In December 1977 we published the first in this series of NGO-oriented reports on Asia's environment, Ajia Kankyo Hakusho 1997/98. This was published in English by Springer-Verlag as The State o/the Environment in Asia 1999/2000. Although only a few years have passed since then, Asia has seen tumultuous changes in the political, economic, social, environmental, and other domains, as well as a number of prominerit trends that could be regarded as harbingers of the new century. China, for instance, could henceforth decisively affect the evolution of environmental problems not only in Asia, but across the entire globe. Yet Chinese concern for and initiatives on pollution and environmental damage have increased more quickly than could have been anticipated just a few years ago. And on Taiwan, where a Democratic Progressive Party president was elected over the long-ruling Nationalist Party, an attorney who has cooperated with our pollution surveys for a decade, Hsieh Chang-ting, became mayor of Taiwan's largest heavy and chemical industry city of Kaohsiung, where he has begun a qGreen Revolution. q On the Ko rean Peninsula, which has for many years endured the division of its people, as well as political and military tensions, there are the beginnings of a new North-South dialog. These changes are all welcome to those of us who wish to see new advances in environmental cooperation throughout Asia.On November 27, 2000 the Nagoya District Court announced its decision intheSouth Nagoya pollution lawsuit, in whichlitigants ... on new vehicle pollution control measures that consist primarilyof regulations on diesel vehicles (see Essay 1).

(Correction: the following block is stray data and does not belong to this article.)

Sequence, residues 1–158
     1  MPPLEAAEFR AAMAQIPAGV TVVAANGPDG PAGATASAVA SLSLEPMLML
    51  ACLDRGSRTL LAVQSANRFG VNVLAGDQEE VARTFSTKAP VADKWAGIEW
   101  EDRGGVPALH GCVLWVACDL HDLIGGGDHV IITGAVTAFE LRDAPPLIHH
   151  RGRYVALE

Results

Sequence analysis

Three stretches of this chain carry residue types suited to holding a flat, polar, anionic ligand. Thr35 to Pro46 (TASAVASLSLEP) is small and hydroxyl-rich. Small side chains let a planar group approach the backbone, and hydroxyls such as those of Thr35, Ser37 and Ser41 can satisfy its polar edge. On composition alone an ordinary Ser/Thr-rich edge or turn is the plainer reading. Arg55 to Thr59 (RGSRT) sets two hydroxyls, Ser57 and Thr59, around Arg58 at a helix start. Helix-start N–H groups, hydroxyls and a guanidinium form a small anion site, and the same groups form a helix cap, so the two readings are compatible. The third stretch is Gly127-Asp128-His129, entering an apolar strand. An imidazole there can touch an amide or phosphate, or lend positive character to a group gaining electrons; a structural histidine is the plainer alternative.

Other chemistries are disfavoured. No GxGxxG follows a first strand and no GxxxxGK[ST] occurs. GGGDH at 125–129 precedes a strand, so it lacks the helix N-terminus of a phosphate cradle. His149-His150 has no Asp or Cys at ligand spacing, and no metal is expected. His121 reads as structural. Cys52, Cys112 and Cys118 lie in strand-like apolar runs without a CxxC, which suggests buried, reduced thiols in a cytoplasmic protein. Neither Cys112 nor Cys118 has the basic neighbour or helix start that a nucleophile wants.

|Title||:||The State of the Environment in Asia|
|Author||:||The Japan Environmental Council|
|Publisher||:||Springer Science & Business Media - 2012-12-06|